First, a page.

With all public events now banned in Hungary, a dozen actors from Budapest and the surrounding area have established the First Quarantine Theater, which features streaming performances live from a stationary boat converted into a cultural venue on the Danube River.
The first performance of the group was a reading of French writer Albert Camus’ novel “The Plague” set in Oran, Algeria in 1947. It was read by the prominent Hungarian stage actor Géza D. Hegedűs.
The famed existentialist novel is believed to be based on the cholera epidemic that killed a large percentage Oran’s population starting in 1849, but the novel is set in the 1940s.
Their second performance, and their first full play, was streamed on Tuesday. It was by British playwright Denis Kelly’s “After the End”, a post-apocalyptic play about an office worker who wakes up in a fallout shelter after the explosion of a suitcase bomb.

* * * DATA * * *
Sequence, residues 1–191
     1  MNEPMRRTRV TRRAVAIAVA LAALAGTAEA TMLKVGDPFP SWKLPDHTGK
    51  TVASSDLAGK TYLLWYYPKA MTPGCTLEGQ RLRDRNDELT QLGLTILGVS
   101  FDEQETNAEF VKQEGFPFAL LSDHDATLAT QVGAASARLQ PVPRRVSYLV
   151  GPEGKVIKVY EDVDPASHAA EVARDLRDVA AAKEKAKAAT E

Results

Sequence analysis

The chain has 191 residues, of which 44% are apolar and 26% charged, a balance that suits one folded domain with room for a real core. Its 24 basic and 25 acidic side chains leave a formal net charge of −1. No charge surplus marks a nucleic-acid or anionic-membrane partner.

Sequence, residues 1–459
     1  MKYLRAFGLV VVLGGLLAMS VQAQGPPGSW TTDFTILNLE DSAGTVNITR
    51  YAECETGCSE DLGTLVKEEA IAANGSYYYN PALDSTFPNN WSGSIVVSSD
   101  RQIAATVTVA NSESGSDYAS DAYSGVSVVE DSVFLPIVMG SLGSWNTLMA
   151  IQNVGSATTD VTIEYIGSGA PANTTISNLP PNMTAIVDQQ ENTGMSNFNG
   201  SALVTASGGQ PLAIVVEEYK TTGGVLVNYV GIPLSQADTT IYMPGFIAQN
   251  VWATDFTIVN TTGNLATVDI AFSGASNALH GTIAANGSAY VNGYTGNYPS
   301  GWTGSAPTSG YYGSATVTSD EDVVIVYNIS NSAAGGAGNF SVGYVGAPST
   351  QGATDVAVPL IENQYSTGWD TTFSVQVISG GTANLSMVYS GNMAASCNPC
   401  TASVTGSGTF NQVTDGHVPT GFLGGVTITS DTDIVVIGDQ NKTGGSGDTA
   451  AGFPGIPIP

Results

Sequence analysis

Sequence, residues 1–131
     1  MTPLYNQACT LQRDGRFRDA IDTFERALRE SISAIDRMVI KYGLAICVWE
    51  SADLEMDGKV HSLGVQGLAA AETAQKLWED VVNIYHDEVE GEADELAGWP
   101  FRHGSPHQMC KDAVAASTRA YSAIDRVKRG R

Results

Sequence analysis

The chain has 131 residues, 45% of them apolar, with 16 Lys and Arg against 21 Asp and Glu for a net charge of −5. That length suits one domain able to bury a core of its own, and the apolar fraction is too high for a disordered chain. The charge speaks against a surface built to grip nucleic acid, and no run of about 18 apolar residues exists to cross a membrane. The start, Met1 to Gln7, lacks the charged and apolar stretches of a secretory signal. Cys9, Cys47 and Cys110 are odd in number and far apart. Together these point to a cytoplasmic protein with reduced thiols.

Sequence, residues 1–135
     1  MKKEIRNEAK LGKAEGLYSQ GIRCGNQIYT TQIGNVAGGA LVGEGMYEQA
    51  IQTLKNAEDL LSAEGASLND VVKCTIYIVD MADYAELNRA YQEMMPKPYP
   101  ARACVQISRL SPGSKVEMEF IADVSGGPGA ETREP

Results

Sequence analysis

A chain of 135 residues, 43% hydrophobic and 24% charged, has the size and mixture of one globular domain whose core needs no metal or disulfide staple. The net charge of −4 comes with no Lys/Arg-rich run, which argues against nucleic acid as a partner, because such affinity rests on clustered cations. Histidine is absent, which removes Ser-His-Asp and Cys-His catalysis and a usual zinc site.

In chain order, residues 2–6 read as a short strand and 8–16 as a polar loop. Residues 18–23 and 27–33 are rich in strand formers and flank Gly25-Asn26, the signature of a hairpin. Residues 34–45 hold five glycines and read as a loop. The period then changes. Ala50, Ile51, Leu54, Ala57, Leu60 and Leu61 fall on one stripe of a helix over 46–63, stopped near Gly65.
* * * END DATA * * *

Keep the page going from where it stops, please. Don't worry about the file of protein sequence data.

László Magács, managing director of the Trip stationary boat cultural venue, told theater portal Színház that this is the first time in Hungarian history when a mass closure of cultural venues has been ordered. Such a drastic measure never even occurred during the worst months of World War II.
The actors, with their home theaters closed anyway, delivered their performances for free, but Magács added that this model is obviously not economically viable, and they expect donations from the public.
According to the latest available 2016 data, Hungary had 179 theaters, of which 99 in Budapest, with over 7.1 million spectators nationwide and almost 6,600 full-time staff. Given that the country’s population is just under 10 million, the large percentage of people who attend a theater performance each year highlights just how important theater is to Hungarians.
Title image: The First Quarantine Theater performs British playwright Denis Kelly’s After the End on March 17 in Budapest. (MTI/Zoltán Balogh)